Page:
Throughout the pandemic, elected officials, the media and the public have asked important questions: Why — despite billions in public and private investment — does the digital divide still exist? Why can’t we even accurately cite the number of households with internet connections or know what available connections cost? And why can’t we quickly ascertain the quality of those connections? 

Stronger accountability measures, such as better data collection, establishing service requirements and requiring collaboration within and between levels of government, will help us answer these complicated questions. 

Accountability measures help ensure that public funds are being used effectively and apply to grant recipients — often private sector internet service providers — as well as the public entities that administer programs. They ensure that projects deliver on their promise to address the digital divide and help public leaders identify emerging needs such as affordability. 

But households can’t get online if they can’t afford the subscriptions. So in order for our country to enjoy the full economic and social benefits of universally available high-speed internet connections, affordability must be part of the solution.

COVID-19’s economic impact illustrated the scale of the affordability problem, but in the pandemic’s early months, there were few active efforts to help people pay for broadband. More recently, federal and state policymakers, the private sector and community organizations have implemented programs to address this challenge and may offer important lessons learned about program administration. But to put high-speed internet fully within the financial reach of all Americans, we need more research into the costs of broadband — to consumers and providers — and the remaining barriers to affordability.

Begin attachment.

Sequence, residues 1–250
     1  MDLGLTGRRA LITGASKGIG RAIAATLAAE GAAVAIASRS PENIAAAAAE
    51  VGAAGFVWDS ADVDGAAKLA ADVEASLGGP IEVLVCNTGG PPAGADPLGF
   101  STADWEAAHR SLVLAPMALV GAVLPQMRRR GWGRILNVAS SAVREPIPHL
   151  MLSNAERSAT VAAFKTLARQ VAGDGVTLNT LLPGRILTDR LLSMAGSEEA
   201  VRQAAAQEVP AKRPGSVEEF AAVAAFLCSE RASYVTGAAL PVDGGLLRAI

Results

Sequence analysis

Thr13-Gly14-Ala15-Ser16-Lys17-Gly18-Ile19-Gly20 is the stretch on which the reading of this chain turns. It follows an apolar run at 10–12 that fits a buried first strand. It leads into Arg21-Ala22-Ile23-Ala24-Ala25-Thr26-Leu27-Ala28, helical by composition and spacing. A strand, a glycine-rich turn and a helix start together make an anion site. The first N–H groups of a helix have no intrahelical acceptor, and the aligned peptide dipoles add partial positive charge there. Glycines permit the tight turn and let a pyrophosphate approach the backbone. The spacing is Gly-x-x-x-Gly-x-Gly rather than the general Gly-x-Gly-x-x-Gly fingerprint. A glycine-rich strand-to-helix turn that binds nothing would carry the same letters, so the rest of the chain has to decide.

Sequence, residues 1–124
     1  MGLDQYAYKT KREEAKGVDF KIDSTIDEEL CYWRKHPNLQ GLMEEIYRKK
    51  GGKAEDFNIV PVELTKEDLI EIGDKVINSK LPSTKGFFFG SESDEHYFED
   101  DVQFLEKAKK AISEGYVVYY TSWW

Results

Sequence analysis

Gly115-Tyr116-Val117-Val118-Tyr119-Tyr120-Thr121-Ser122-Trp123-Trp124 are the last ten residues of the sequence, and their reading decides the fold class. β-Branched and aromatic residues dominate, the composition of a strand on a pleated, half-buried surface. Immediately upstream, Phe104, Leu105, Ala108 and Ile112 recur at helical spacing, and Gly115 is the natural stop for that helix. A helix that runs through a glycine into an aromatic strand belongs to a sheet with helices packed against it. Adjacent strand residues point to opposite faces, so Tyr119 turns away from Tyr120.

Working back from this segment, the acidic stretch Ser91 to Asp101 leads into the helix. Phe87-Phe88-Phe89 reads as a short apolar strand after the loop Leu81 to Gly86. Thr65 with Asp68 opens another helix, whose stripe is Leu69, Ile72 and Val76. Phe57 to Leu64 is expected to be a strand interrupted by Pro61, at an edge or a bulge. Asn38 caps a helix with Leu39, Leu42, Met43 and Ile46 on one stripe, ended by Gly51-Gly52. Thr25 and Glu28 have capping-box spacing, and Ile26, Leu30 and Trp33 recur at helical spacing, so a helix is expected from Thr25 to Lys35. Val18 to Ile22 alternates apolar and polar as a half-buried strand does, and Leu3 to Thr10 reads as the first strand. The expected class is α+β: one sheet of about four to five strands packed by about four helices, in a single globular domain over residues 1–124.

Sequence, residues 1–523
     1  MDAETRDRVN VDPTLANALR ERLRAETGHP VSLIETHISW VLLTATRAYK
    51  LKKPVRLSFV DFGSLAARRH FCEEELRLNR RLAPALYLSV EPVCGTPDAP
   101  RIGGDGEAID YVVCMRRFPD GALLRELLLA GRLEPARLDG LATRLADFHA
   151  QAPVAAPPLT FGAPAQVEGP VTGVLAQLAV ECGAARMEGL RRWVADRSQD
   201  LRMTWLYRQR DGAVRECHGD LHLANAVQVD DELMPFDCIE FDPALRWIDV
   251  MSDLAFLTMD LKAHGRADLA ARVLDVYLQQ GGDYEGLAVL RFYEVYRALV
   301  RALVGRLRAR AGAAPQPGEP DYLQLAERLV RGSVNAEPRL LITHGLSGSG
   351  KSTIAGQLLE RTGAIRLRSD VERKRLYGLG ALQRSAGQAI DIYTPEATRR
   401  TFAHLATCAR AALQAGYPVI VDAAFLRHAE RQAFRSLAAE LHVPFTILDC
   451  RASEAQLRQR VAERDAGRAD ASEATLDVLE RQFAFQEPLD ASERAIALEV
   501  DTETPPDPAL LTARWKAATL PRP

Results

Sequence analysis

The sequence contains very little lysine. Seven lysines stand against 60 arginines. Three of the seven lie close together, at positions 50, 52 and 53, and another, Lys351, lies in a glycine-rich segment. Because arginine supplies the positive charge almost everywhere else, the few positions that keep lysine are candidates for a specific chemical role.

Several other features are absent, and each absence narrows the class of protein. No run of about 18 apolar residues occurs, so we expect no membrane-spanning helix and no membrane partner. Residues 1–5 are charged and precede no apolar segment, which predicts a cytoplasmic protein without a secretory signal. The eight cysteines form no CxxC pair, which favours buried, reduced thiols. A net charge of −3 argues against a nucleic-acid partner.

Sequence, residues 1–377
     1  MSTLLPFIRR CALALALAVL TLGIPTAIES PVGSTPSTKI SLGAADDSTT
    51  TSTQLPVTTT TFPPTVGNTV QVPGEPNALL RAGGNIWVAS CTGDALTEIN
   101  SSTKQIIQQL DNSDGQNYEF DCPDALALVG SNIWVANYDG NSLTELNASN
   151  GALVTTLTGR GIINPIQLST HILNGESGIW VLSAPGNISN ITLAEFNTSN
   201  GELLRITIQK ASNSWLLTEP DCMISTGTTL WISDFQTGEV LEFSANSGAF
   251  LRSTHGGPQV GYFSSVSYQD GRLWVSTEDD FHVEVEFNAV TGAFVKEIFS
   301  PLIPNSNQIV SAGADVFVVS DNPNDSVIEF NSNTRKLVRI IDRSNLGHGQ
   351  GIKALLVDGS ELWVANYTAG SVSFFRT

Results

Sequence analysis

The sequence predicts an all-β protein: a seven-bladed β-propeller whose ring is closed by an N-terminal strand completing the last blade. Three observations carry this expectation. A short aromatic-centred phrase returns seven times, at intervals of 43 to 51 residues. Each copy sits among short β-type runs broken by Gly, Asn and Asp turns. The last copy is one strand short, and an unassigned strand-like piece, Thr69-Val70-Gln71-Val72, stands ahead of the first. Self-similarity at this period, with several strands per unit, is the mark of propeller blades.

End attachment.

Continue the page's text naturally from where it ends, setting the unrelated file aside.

Increasing speeds, improving accountability and addressing affordability are not the only actions needed to close the digital divide. But they’re definitely the starting points. And in the weeks and months ahead, as more Americans are vaccinated and life as we used to live it returns, the lessons from the pandemic about the need for universal access must not be forgotten — or ignored. That means all levels of government, internet service providers, the private sector, community organizations and philanthropists must take action. States have already found some innovative ways to expand access to high-speed, reliable and affordable broadband, and the federal government has made bold investments in addressing the digital divide. But the pandemic has spotlighted the need to learn more — and do more. 

And the time to act is now. 

Kathryn de Wit is a project director with The Pew Charitable Trusts’ broadband access initiative. 

This piece was originally published by The Hill on May 13, 2021.